The advantage of NSSet is that querying its objects is faster if you only need to know if an object is contained in the set. The Foundation framework also defines NSOrderedSet. Instances of this class have the benefits of NSSet, but also keep track of the position of each object.


NSDictionary

Like arrays, dictionaries are a common concept in most programming languages. In Ruby, for example, they are referred to as hashes. The basic concept is easy, a dictionary manages a static collection of key-value pairs or entries.

As in Ruby hashes, the key of an entry doesn't need to be a string object per se. It can be any type of object that conforms to the NSCopying protocol as long as the key is unique in the dictionary. In most cases, though, it's recommended to use string objects as keys.

Like arrays, dictionaries cannot store a null value. If you want to represent a null value, then you can use NSNull. The NSNull class defines a singleton object that is used to symbolize null values in arrays, dictionaries, and sets.

The singleton pattern is an important pattern in many programming languages. It limits the instantiation of a class to one object. You will deal with singleton objects frequently when developing iOS applications.

Like NSArray, the Foundation framework defines a mutable subclass of NSDictionary, NSMutableDictionary. There are various ways to instantiate a dictionary. Take a look at the following code snippet.

NSString *keyA = @"myKey";
NSString *keyB = @"myKey";
NSDictionary *myDictionary = [NSDictionary dictionaryWithObject:@"This is a string literal" forKey:keyA];
NSLog(@"%@", [myDictionary objectForKey:keyB]);

We first declare two separate string objects containing the same string. In the third line, we instantiate a dictionary by calling the dictionaryWithObject:forKey: method on the NSDictionary class.

Next, we ask the dictionary for the object associated with the contents of keyB and log it to the console.

It's important to pay attention to the details. Even though we used keyA as the key of the key-value pair and keyB as the key to fetch the value or object of the key-value pair, the dictionary gave us the correct object. The NSDictionary class is smart enough to know that we want the object associated with string myKey. What does this mean? Even though the objects keyA and keyB are different objects, the string that they contain is the same and that is precisely what the NSDictionary class uses to reference the object.

The following code fragment shows that a dictionary can contain another dictionary—or array—and it also shows how to work with mutable dictionaries.

NSMutableDictionary *myMutableDictionary = [NSMutableDictionary dictionary];
[myMutableDictionary setObject:myDictionary forKey:@"myDictionary"];
NSLog(@"%@", myMutableDictionary);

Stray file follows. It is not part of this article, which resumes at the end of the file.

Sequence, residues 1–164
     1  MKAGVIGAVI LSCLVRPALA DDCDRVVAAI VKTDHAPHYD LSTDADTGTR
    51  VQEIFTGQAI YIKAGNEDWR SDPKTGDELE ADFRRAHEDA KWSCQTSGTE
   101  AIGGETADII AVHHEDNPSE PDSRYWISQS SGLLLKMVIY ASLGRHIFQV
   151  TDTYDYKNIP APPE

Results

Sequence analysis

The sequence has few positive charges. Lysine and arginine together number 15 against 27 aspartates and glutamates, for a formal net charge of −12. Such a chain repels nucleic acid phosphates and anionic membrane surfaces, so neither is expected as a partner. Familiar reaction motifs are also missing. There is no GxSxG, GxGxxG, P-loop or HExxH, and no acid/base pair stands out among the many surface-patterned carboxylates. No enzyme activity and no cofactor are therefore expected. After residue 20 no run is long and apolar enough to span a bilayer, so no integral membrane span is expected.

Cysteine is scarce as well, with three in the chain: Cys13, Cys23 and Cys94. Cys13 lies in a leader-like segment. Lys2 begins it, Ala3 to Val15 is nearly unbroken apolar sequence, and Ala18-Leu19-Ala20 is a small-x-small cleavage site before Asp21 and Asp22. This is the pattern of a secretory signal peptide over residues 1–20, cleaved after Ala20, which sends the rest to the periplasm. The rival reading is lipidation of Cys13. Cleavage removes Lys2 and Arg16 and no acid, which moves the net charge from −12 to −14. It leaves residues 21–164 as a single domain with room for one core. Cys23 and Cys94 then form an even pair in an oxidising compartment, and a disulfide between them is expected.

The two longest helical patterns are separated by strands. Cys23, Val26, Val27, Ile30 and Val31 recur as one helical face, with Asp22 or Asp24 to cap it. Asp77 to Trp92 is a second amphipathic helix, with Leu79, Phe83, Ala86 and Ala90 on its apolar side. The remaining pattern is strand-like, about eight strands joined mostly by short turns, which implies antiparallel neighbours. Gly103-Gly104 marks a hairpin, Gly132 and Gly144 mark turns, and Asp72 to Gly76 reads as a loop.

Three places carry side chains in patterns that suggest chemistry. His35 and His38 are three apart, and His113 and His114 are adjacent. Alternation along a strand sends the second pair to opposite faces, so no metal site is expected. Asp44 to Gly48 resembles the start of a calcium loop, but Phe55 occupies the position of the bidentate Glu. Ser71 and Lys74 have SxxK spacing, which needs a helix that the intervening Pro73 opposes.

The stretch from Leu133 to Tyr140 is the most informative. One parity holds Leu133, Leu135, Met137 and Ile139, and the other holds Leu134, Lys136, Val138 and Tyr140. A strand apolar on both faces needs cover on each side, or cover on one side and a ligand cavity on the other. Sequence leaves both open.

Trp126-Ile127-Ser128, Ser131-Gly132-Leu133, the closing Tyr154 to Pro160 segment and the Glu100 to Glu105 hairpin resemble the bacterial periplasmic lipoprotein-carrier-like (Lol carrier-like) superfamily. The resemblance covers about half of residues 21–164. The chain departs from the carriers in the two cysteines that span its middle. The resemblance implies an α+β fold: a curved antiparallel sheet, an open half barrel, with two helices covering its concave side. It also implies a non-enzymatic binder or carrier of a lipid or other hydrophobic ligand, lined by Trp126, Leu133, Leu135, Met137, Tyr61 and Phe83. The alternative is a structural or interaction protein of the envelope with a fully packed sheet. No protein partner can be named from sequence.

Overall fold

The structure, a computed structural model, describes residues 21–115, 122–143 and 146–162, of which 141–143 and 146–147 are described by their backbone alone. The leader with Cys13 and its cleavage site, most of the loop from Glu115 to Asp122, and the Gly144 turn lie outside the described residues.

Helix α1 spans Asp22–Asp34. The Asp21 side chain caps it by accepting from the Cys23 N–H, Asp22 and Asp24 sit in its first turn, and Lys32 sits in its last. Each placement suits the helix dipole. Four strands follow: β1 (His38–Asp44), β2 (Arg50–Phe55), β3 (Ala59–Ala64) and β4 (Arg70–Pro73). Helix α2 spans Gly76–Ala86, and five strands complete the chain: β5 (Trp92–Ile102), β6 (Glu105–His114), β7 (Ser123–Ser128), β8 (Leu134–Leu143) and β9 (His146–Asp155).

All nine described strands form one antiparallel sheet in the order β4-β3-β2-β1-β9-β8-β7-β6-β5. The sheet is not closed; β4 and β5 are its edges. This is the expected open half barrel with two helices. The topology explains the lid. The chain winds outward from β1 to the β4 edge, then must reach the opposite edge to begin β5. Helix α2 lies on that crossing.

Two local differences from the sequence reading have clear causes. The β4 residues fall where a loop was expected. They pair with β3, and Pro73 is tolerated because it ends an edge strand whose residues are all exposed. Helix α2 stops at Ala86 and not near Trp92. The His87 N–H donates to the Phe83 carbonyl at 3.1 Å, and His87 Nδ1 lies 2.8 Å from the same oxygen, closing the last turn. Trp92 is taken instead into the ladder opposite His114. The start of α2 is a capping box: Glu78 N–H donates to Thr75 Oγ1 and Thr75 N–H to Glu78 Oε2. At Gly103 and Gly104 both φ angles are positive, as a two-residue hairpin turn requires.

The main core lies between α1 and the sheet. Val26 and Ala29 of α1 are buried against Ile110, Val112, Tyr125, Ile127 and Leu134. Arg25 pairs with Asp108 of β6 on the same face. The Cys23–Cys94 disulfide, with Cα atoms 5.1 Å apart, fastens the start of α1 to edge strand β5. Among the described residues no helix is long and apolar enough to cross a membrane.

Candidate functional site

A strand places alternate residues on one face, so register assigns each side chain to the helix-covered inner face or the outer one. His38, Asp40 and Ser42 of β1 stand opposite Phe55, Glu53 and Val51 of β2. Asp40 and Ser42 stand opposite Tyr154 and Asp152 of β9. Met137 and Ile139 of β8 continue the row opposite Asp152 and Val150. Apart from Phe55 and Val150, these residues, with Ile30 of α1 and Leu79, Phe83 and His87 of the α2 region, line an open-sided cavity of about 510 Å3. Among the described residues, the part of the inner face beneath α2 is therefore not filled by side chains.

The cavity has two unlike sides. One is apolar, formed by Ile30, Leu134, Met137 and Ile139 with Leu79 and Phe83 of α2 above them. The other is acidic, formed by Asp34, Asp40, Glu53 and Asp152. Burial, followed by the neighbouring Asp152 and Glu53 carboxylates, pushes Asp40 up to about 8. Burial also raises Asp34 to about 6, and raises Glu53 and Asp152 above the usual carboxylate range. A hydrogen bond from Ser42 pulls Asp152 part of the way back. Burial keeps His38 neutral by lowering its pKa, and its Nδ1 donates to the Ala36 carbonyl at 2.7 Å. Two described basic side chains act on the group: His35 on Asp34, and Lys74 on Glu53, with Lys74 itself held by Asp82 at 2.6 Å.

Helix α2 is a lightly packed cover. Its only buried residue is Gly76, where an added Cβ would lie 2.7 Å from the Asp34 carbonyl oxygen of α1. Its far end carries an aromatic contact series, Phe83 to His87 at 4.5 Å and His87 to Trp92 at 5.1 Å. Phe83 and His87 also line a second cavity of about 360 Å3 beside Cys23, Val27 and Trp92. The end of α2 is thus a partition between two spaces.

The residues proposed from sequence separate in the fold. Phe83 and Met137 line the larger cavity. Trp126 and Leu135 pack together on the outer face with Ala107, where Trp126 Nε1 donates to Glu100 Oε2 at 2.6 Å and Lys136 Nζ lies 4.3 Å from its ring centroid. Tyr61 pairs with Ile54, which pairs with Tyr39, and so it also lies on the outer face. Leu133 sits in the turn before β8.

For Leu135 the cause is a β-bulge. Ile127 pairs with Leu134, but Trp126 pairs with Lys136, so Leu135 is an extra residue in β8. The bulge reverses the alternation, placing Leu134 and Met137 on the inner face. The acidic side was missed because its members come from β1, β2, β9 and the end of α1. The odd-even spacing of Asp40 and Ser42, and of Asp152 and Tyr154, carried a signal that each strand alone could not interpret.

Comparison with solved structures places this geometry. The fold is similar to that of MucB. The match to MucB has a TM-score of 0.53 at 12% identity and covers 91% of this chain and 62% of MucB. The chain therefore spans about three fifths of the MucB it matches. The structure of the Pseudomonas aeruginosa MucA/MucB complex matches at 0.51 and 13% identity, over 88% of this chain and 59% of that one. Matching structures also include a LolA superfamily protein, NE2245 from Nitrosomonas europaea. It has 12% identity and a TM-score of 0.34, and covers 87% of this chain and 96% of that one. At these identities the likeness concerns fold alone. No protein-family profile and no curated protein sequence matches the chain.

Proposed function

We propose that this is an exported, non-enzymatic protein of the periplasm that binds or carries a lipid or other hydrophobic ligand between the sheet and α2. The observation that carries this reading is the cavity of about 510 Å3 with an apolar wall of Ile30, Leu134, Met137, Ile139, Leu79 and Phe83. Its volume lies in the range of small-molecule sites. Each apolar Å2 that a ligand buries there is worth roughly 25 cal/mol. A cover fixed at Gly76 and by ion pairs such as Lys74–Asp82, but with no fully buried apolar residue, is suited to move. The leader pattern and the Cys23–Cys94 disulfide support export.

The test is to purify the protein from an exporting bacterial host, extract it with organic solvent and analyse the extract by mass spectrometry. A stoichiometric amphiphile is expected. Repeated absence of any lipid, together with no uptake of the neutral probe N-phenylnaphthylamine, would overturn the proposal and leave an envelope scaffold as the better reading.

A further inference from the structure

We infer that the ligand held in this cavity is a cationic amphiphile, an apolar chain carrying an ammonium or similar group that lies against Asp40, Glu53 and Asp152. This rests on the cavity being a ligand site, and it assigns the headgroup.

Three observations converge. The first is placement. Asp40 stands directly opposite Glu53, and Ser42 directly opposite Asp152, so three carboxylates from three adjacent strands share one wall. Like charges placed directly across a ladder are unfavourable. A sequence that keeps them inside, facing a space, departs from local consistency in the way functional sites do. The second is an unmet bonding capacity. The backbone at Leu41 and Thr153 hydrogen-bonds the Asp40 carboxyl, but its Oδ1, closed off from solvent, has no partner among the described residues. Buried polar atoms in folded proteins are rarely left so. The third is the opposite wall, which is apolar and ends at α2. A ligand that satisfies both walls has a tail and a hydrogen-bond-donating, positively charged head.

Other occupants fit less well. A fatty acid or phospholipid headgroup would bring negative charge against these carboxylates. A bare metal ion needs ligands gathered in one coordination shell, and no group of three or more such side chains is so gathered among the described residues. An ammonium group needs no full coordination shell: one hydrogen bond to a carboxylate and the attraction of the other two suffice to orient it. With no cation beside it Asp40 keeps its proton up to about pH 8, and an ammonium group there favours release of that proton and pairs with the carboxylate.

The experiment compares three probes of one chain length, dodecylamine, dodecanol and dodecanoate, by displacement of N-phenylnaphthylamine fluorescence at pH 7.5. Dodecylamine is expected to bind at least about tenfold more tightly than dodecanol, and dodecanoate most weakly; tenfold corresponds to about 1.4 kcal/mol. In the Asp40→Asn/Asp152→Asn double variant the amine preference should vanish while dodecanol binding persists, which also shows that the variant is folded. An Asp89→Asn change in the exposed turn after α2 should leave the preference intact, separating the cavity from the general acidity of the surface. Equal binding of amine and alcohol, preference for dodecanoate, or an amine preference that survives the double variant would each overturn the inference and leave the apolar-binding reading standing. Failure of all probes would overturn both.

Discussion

Objective-C Literals

Earlier in this article, I introduced you to Objective-C string literals, such as @"This is a string literal.". They take the form of a C string literal prefixed with an @ sign. As you probably know by now, the @ sign indicates that we are entering Objective-C territory.

An Objective-C literal is nothing more than a block of code that references an Objective-C object. With the release of Xcode 4.5, you can now also use Objective-C literals for NSNumber, NSArray, and NSDictionary. Take a look at the following code snippet to see how this works.

NSNumber *oldNumber1 = [NSNumber numberWithBool:YES];
NSNumber *newNubmer1 = @YES;

NSNumber *oldNumber2 = [NSNumber numberWithInt:2147];
NSNumber *newNubmer2 = @2147;

NSArray *oldArray = [NSArray arrayWithObjects:@"one", @"two", @"three", nil];
NSArray *newArray = @[@"one", @"two", @"three"];

NSDictionary *oldDictionary = [NSDictionary dictionaryWithObject:[NSNumber numberWithInt:12345] forKey:@"key"];
NSDictionary *newDictionary = @{@"key": @12345};

Not only are Objective-C literals cool and sexy, they also make your code more readable. Mark Hammonds wrote a tutorial about Objective-C literals. Read Mark's post for a more complete overview of Objective-C literals.


Logging with NSLog

In this article, we have repeatedly used the NSLog function, which is defined by the Foundation framework. NSLog accepts a variable number of arguments with the first argument being a string literal. The string literal can contain format specifiers that are replaced by the extra arguments passed to the NSLog function.

NSLog(@"%@ - %i - %f", @"an object", 3, 3.14);

Visit the Mac Developer Library for a complete list of the format specifiers that can be used.


Conclusion

Even though we have covered a lot of ground in this article, we've barely scratched the surface of what the Foundation framework has to offer.

It isn't necessary to know the details of every class or function defined in the Foundation framework to get started with iOS development, though. You'll learn more about the Foundation framework as you explore the iOS SDK.

In the next article, we'll explore the UIKit framework and I will also discuss the ins and outs of an iOS application.